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Friday, October 13, 2006

Google Gdrive Client Leaked

I’ve been able to get hold of Google’s internal Gdrive client, named “Platypus"* (information on the project leaked a while ago). Please note that Gdrive, from what it looks like, is not a product for general release, but a way for Google employees to store and share files.

Google’s Platypus help, which I’ve mirrored here in its Windows and Linux version, says:

We encourage you to keep all of your files with us, including your Office documents, photos, and personal notes, except for sensitive data (including electronic protected health information) and other files inconsistent with the internal user agreement.

As one can expect, I can’t get past the login screen after installing Gdrive on my local machine. If I’d be able to do so, I could synchronize and share files with other Googlers who also installed Gdrive, and also access files with a web browser. The help file states:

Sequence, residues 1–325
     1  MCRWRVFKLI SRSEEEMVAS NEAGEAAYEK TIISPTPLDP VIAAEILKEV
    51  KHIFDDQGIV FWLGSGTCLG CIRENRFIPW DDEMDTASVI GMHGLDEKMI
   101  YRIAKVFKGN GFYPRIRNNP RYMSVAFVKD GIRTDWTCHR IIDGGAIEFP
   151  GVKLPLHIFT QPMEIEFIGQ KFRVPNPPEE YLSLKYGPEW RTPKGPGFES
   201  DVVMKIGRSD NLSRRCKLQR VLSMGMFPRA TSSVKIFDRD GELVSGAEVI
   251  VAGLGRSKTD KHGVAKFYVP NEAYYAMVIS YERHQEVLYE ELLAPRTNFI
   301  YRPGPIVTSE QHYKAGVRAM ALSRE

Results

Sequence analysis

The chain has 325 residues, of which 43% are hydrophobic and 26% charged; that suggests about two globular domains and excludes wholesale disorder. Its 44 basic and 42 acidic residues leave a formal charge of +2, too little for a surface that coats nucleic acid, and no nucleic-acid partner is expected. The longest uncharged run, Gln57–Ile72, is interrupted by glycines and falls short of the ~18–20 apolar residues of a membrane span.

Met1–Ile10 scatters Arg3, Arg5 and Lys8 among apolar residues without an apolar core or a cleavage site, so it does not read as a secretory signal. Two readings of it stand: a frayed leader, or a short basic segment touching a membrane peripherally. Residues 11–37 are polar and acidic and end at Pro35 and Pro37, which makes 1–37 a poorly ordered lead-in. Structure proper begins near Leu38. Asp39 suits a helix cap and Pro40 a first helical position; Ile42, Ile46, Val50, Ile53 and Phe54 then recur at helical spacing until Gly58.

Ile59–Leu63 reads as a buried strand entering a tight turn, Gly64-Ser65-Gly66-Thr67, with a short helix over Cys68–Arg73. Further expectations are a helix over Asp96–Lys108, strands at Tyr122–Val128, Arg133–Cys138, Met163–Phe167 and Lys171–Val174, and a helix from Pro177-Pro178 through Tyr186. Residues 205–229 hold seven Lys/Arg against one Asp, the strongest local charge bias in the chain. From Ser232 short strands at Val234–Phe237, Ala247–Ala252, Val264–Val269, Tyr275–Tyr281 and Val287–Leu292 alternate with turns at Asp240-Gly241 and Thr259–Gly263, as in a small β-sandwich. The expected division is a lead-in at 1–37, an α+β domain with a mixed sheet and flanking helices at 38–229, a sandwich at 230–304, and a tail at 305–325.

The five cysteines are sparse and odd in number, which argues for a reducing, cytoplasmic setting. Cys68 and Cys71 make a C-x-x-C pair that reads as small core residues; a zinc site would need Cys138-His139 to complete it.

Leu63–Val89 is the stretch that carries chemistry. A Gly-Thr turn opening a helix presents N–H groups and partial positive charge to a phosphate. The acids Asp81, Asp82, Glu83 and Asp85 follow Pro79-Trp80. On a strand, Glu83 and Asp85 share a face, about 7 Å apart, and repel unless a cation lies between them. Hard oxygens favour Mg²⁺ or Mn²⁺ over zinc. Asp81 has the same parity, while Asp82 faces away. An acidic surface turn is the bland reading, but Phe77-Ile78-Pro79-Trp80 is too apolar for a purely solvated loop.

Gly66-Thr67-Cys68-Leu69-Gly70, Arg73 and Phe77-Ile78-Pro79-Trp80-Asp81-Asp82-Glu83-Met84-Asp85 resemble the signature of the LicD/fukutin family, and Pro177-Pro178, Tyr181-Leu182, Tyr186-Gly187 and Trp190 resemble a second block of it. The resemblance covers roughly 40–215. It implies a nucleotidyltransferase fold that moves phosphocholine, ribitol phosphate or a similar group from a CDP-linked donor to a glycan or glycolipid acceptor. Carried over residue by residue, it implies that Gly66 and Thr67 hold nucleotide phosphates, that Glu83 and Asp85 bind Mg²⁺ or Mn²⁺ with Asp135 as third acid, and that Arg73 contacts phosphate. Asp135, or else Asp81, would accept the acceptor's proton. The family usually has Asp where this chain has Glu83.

How do I mount other shares?

Right-click the Platypus tray icon, and select “Connect Share.” You can enter the names of other Platypus users (e.g. jeske) or the names of public shares (e.g. test1) to which you have access.

After you mount a share, Platypus will begin synchronizing your hard drive with the share, downloading all of the files it contains. You can continue using your computer normally as Platypus synchronizes in the background.

If you would like to create a new share, e.g. for your team, email Dave [email address removed here] and specify the share’s name, who you would like to be able to edit files in the share, and who you would like to be able to read files in the share.

How do I access my files through the web?

Directory listing:

A particular file:

For those who like to dig a bit more, I’ve also uploaded the configuration file, and included a screenshot of the included files for reference.

[Thanks A.!]

* explains that a platypus is a “semiaquatic egg-laying mammal (Ornithorhynchus anatinus) of Australia and Tasmania, having a broad flat tail, webbed feet, and a snout resembling a duck’s bill.”


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